Some say community alternatives to policing are practical, through de-escalation, peer pressure, neighborhood coalitions and similar non-force practices. These advocates have noble intentions, and in some ways are right – a lot of the things people rely on police to deal with could better be handled by responsible communities.
So I agree in part with the notion of transferring some of the policing burden to communities. In fact there is nothing to stop communities from taking responsibility for behavior of their members on a social level as advocated by many of the defund the police groups. Actions like social shunning, complaining in person (or with neighbors), and offering safe space to victims of domestic violence are good things.
But there is more to it than that. There are times when force is required to resolve an interpersonal situation. And there is a need to protect property from those who would steal or destroy it.
First let’s look at property. With the notable exception of Communism, modern societies of all political stripes are founded on the notion of property rights. This is rooted in the philosophies of society and the social contract developed during the Scottish Enlightenment nearly three hundred years ago.
Among many bright minds writing on society, economics and humanity was a gent named John Locke, who has been referred to as the father of Liberalism. Locke wrote of many things, including the Theory of Value and Property, and The Self. If you want to understand Western society – a pretty fundamental requirement to having an opinion about how it should be organized and administered – start with reading Locke.
From his writings, I have learned that property rights are THE fundamental basis for all laws in western society. It starts with the notion that you own your Self, mind and body and expands from there to the idea that you also own the products of your mind and body – what we call intellectual property and physical property.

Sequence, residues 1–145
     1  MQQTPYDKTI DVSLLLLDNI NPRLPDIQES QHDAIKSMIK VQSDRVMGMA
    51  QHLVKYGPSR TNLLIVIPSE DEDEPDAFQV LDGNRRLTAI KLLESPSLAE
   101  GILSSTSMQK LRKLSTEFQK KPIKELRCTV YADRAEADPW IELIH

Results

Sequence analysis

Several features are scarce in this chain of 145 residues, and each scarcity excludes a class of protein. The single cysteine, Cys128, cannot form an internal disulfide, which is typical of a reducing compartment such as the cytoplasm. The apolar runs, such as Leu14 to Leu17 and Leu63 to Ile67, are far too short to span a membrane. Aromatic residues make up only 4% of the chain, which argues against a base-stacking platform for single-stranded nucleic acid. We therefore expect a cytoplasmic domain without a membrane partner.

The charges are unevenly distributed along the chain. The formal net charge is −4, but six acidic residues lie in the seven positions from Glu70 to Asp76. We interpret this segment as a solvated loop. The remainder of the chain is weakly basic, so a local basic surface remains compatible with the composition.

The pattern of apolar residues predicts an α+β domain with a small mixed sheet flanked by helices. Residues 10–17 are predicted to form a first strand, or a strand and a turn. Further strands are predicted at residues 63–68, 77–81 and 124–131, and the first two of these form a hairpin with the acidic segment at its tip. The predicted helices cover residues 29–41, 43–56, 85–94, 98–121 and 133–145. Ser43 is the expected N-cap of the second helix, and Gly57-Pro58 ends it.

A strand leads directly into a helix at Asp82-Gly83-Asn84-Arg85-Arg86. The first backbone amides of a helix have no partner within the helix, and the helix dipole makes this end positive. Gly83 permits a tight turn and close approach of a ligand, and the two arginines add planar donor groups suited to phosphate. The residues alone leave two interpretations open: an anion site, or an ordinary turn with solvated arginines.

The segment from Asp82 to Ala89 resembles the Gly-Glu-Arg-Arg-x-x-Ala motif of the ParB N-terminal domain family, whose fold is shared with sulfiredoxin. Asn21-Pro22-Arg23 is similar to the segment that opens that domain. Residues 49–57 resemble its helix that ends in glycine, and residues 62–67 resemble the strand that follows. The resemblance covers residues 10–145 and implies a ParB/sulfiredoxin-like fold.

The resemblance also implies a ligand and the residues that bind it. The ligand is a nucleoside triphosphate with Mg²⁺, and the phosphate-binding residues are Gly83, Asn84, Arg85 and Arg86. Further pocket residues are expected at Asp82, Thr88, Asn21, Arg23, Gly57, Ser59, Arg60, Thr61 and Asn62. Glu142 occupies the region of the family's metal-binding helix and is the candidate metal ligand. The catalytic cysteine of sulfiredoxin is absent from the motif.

Maybe you don’t buy into the Western tradition of property rights which Locke framed, and that is your right (it’s your mind), and you are free to express your opinion (First Amendment, US Constitution). See how that works? The framework of our laws requires that I respect your property rights and you respect mine.
Once we move past the ethereal notions of intellectual property and freedom of expression, we come to the physical product of our minds and bodies, which includes stuff we acquire through fair trade of our labor and property. In other words the notion that you “own” any thing. Ownership of physical property is a fundamental human right because it is an extension of the rights of the Self.
The problem with owning things is other people may want the things you have, without having the means, wit or will to acquire them through their own labor or trade. They have no right to take property from you, but they want what you have. From time immemorial the “solution” – theft – has been condemned by authorities in every system of society except communism… where the state steals everything from the individual.
So theft, in our society at least, is wrong. And generally most people respect other people’s property rights. But there are those who will take or destroy our property by force. How do we stop them? This is where the basic idea of the need for police aka law enforcement comes from.